Boring or Bored (-ING & -ED adjectives)
In general, "boring" and "bored" are adjectives that are used to describe nouns.
"Boring" refers to something that is not interesting or exciting.
"Bored" means to feel unhappy and tired because something is not interesting or because you have nothing to do.
Although adjectives that end with "-ing" and "-ed" are often confused for each other, they are not interchangeable at all.
1. -ING adjectives "cause" something; -ED adjectives "feel" something.
Adjectives that end with "-ing" describes someone or something causing an effect.
Adjectives that end with "-ed" is affected by something or someone else and would feel a certain way.
"Wally's job is boring, so he is bored."
"Wally is bored because his job is boring."
Although it would be considered rude to describe someone as "boring," you can use this to describe someone who has this effect - unfortunately.
"Wally can be boring sometimes when he starts talking about work."
2. -ING adjectives + animate and inanimate; -ED adjectives + animate.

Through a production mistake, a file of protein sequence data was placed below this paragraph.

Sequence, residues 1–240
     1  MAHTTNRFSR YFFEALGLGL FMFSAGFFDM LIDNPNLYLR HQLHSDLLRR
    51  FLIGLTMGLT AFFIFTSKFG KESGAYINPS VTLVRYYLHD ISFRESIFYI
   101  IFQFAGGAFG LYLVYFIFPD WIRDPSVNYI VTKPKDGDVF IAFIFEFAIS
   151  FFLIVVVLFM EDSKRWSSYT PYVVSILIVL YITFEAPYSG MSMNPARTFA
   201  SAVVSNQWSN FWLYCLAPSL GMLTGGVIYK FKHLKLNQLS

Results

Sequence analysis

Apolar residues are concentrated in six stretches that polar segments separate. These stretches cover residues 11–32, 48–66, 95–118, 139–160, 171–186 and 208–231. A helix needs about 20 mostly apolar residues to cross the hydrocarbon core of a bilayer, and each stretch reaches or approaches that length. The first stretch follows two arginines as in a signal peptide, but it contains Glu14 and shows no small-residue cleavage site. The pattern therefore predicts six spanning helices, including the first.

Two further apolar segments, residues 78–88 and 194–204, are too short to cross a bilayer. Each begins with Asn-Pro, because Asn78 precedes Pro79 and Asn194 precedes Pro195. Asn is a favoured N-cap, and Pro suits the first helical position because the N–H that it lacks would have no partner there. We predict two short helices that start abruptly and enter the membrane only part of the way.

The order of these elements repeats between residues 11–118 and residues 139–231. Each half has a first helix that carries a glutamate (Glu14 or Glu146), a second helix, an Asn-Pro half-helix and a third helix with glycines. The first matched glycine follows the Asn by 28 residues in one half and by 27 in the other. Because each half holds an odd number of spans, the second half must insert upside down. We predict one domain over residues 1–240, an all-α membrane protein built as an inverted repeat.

Adjectives that end with "-ing" can be used to describe animate (people and animals) and inanimate things.
Adjectives that end with "-ed" can only be used to describe animate things.
Therefore, a job can be boring but not bored. Whereas Wally can be bored and boring
Let's look at some more examples:
"It was surprising that he passed but I mean, everyone was surprised about the outcome."
"I think Eve is very interesting. But I guess you can say that about anyone who is genuinely interested in a lot of different and well, things that are interesting."
"The presentation was really confusing. The presenter even looked confused at certain points. Both the presentation and the presenter were confusing."
"It's definitely been frustrating working with the team, but I guess they were equally frustrated working with me."